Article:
* New kidnapping could complicate peace talks
* FARC seized police officers last weekend (Adds details, background)
By Helen Murphy
BOGOTA, Jan 31 (Reuters) - Colombia's FARC rebels kidnapped three oil workers and killed four soldiers in the nation's south, while they blew up an energy tower in the north, military sources said on Thursday, in a sign the group is stepping up pressure during peace talks.
The kidnappings and other violent incidents on Wednesday came days after the Revolutionary Armed Forces of Colombia, or FARC, made clear during ongoing peace negotiations in Cuba that it would continue to capture armed forces, which could muddy the talks.
The oil workers were contracted as engineers by Canada's Gran Tierra Energy, according to an email from the Colombian air force overnight. Company officials in Canada and Bogota were not immediately available to comment.
The air force was hunting for the contractors, the statement said. They were believed to be Colombians.
There have been several kidnappings of civilians in recent months that are suspected to have been at the hands of the FARC, but the group has never claimed responsibility.
President Juan Manuel Santos' government and Marxist rebels have been engaged in peace negotiations in Havana since November, trying to reach a settlement to a decades-long war that has killed tens of thousands and defied all past attempts for resolution.
The FARC, the biggest and oldest armed group in Latin America, also seized two police patrolmen in a southwestern province last weekend - the first kidnapping of security forces since April, when it released all government officials under its control.
While the FARC has said it would stop kidnapping to fund its war against the government, it never said it would stop taking members of the armed forces as "prisoners of war."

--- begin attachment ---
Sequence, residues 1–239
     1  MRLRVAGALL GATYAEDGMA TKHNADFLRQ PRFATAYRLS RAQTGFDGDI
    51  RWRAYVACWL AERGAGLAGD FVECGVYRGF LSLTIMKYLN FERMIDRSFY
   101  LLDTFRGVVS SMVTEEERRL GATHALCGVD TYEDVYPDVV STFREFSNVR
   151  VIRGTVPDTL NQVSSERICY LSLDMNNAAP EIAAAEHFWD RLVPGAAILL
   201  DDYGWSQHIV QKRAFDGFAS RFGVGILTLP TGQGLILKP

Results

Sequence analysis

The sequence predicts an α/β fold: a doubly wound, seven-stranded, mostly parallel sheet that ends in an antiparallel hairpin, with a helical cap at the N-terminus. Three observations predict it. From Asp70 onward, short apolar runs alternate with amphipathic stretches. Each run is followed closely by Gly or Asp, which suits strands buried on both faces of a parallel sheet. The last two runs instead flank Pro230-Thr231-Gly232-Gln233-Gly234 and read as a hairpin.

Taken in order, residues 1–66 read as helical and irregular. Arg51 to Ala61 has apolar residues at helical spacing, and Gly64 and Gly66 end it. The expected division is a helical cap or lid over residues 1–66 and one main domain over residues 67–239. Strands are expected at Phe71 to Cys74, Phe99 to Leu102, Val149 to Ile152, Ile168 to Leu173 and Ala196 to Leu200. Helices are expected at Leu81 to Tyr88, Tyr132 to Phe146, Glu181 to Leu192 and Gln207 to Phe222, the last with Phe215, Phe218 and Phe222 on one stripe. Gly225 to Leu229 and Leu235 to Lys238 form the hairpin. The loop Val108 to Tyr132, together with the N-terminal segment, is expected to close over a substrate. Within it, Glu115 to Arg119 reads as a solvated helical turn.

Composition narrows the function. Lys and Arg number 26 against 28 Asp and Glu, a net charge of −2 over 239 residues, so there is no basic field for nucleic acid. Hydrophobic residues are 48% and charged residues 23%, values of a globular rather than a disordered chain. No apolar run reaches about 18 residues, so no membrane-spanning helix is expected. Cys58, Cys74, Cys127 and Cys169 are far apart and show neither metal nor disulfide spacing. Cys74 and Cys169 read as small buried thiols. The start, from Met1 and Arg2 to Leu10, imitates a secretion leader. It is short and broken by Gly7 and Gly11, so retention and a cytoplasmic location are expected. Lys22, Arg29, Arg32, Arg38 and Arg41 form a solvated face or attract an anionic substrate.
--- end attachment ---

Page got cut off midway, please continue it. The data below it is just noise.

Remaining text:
An escalation of hostilities could affect the progress of the peace talks in Cuba. Santos has said he wants to achieve an agreement within a year.
At the start of talks in November, the FARC declared a two-month unilateral ceasefire, which ended on Jan. 20 with the rebels attacking oil and mining facilities, including two pipelines and a coal rail line.
The government refused to join the ceasefire, calling it a sham by the FARC to gain international attention. The army kept attacking the group and carried out several aerial raids that killed at least 34 rebels.
Santos is credited for some of the harshest blows against the FARC, first as defense minister and then as president, including killing the group's leader, Alfonso Cano, in 2011.
The rebels took up arms in 1964 as a Marxist agrarian group fighting against social inequality and the concentration of land among a wealthy elite. But later turned to drug-trafficking and kidnapping to finance themselves.
Over the years, the FARC has held dozens of politicians, police officers and soldiers in harsh conditions in remote jungle hideouts. Hundreds of FARC members are in Colombian prisons.
Its most high-profile kidnapping, French-Colombian politician Ingrid Betancourt, was rescued in 2008 by the military. (Writing By Helen Murphy and Eduardo Garcia; Editing by Philip Barbara)